ONCE IN A FULL MOON
Paranormal Young Adult
Harper Teen/Katherine Tegen Books
Releases January 1st
Received from publisher via NetGalley
Celeste has a pretty good life. She has two best friends, Abby and Ivy, and she's dating the ultra-handsome Nash which makes her the envy of almost the entire female population at school. On a dare, the girls travel across town to visit a psychic who provides both Abby and Ivy with fairly mundane and banal fortunes, but shocks everyone by telling Celeste to beware of a kiss under the full moon as it will irrevocably change her life.
Unbeknownst to her friends, Celeste is only imagining kissing one boy under the full moon, and it's not her boyfriend Nash. New student Brandon Maddox has caught her attention, holding her spellbound though a relationship with him is impossible as he's from the wrong side of Legend's Fall.
While Celeste pines for Brandon, rumors of the the infamous Legend's Fall werewolf increase exponentially as more and more wolves are spotted all over town despite typically staying away from populated areas. Disregarding the psychic's warning, Celeste gets the kiss she's been dreaming of night after night, only what follows is not the incandescent glow of true love, but rather the stuff of myths and legends.
Because there aren't too many unique paranormal entities on which to base a novel, most creatures having been written about at one point or another, it's important to find one or two elements (a new twist on the familiar mythology or incredibly engaging characters) that cause the book to shine against a dull backdrop of the same monotonous tale. Unfortunately, Once in a Full Moon fails to do anything other than strictly adhere to a common folklore, employing popular plot devices without injecting them with an added spark to cause a flush in our cheeks, an ache in our hearts, or any other physical manifestation indicative of deep involvement with characters or story. Instead, we as readers are like skipping stones, glossing quickly over a surface we've tread again and again, up in the air at intervals with nothing on which to latch to weigh us down enough that we drop from the air and plunge beneath a thoroughly exhausted superficial layer and into the wells of a gloriously expansive depth.
Legend's Fall is a town divided very definitively between the Eastside, identified by it's more suburban feel, and the Westside, a more agricultural community opposed to the ever-encroaching spans of concrete and development. This small difference causes dissent among the residents of each side, making the attraction between Celeste, an Eastsider, and Brandon, a Westsider, a type of forbidden romance. However, there is really no explanation for the rampant bias against the Westside in the high school, and though people often don't need much cause to formulate a prejudice, a more clear and profound reason for their hatred would have been welcome to help us better understand the Romeo and Juliet-esque scenario. Perhaps an old family feud, or an ugly rumor spread generation to generation, or a more extreme difference in quality of life; anything to make us suck in a breath and hold it every time Brandon and Celeste are together, inching to the very edge of our seats as we desperately hope they don't get caught. Instead, we get only the possibility of mild ridicule and a potential drop in social status, and though in high school that is often tragic, it's ultimately not enough to help us make sense of Celeste's adamant refusal to publicly acknowledge Brandon.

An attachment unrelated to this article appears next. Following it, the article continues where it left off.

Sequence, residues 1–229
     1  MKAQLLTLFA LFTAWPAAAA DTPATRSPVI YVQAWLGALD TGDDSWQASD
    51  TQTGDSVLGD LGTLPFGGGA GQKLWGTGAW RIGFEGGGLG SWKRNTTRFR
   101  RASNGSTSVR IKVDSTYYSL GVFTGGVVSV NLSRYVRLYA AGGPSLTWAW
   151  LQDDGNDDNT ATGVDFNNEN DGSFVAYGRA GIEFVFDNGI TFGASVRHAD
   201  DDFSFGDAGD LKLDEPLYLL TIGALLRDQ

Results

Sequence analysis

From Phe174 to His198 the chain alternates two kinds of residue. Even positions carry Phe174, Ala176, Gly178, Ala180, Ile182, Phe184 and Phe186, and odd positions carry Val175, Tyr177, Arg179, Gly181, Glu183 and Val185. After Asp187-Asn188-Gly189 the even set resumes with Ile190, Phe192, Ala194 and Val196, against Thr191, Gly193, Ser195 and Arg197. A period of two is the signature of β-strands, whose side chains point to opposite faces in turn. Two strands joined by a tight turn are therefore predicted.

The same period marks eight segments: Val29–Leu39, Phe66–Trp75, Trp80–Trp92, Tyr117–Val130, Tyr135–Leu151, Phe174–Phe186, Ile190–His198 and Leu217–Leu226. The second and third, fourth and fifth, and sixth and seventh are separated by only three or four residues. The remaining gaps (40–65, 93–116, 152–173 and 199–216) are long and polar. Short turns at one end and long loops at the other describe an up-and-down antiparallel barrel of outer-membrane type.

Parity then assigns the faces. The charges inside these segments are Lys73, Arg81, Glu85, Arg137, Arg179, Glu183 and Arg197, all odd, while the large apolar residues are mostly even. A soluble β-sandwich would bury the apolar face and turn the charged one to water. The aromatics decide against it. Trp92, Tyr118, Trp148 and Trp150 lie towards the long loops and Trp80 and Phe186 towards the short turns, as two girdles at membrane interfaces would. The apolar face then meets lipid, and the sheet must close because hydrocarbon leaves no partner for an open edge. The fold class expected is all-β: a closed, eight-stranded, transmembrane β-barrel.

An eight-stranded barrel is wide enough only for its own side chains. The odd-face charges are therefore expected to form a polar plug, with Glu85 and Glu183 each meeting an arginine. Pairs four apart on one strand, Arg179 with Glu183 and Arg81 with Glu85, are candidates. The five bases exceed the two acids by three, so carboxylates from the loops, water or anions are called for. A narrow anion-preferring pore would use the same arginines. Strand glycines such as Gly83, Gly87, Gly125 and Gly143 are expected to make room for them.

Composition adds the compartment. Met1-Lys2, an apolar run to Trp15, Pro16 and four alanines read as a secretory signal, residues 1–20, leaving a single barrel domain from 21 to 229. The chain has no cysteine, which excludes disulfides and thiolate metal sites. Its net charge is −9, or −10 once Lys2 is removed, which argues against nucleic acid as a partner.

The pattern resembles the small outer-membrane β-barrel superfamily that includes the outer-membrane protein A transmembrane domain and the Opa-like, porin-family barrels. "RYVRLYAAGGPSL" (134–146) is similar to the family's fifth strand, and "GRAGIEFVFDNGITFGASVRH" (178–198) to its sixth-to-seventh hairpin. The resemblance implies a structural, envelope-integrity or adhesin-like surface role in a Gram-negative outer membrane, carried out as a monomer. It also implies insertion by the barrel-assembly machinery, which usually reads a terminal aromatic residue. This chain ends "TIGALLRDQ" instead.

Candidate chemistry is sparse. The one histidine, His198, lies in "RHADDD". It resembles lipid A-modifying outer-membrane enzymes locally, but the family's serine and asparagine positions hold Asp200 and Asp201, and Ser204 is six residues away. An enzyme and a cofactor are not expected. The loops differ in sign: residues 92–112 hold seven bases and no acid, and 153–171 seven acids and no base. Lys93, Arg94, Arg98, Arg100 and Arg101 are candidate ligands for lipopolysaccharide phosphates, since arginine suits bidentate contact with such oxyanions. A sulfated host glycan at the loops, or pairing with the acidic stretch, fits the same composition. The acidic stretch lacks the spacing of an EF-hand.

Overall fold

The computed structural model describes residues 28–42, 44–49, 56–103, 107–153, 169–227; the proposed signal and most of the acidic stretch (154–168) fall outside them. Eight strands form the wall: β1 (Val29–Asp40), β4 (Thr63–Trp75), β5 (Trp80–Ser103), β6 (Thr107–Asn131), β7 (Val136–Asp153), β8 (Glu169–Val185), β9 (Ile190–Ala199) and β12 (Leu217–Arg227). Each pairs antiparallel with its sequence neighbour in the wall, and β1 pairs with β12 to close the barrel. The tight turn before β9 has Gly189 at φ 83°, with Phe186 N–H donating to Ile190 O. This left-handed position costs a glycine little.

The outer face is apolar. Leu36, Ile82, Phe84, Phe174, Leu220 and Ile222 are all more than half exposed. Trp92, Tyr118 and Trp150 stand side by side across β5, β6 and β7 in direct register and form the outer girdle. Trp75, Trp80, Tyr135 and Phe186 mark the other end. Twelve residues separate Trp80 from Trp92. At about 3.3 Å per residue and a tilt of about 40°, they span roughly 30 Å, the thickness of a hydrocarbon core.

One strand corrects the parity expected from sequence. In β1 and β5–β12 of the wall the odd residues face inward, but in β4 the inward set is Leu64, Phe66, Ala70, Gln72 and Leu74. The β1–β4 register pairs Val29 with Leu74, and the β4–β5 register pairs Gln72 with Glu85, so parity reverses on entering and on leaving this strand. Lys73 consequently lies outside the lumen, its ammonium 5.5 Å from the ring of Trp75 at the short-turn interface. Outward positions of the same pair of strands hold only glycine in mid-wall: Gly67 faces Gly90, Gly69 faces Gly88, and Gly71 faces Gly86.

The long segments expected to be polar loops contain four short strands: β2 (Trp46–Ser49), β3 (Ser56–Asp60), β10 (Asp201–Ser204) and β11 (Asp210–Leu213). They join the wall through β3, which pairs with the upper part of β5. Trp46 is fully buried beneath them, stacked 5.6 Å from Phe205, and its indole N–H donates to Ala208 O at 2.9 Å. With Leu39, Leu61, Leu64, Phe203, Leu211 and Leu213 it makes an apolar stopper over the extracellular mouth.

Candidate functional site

Celeste herself defies logical explanation at times as she possesses some rather baffling contradictory opinions. She at one point questions whether or not she can be with Brandon when it's implied he's the type of person to scare one of her friends on purpose when in the thrall of the moon, but yet she remains utterly devoted to peers who constantly ostracize him for simply living at a perceived geographical disadvantage. She defends him verbally but shuns him physically, claiming to be different from the masses but proving with every action she's just another carbon copy of the Eastsider standing next to her. Celeste glides through her life towing the popular line, blanketed in a mediocrity she refuses to shed, comfortable with friends who do only what's best for them and a boyfriend who doesn't push her to be an individual, but settles instead for a drone who spouts idealistic notions yet refuses to act on them.
This story declares itself to be one of finding true love, and though Celeste professes to have found that elusive emotion with Brandon, she's unwilling to emerge from her protective prejudicial cocoon and be the person she says she wants to be. Brandon, for his part, is oddly content being relegated to the shadows for his confounding outsider status, and the love they declare for one another is a difficult pill to swallow when neither demonstrates the courage to fight to be together. If admitting to their relationship would be on pain of death, the financial ruin of a family, or something equally daunting, then their mild displays of latent defiance and fear of discovery would be understandable, but with only the disdain of four or five teenagers as a consequence, it's shockingly difficult to empathize with their circumstances.
Overall Once in a Full Moon is a quick, easy read, one that may appeal much more to younger readers as opposed to adult fans of teen fiction, but it ultimately comes to the table with a well-used recipe devoid of any fresh ingredients.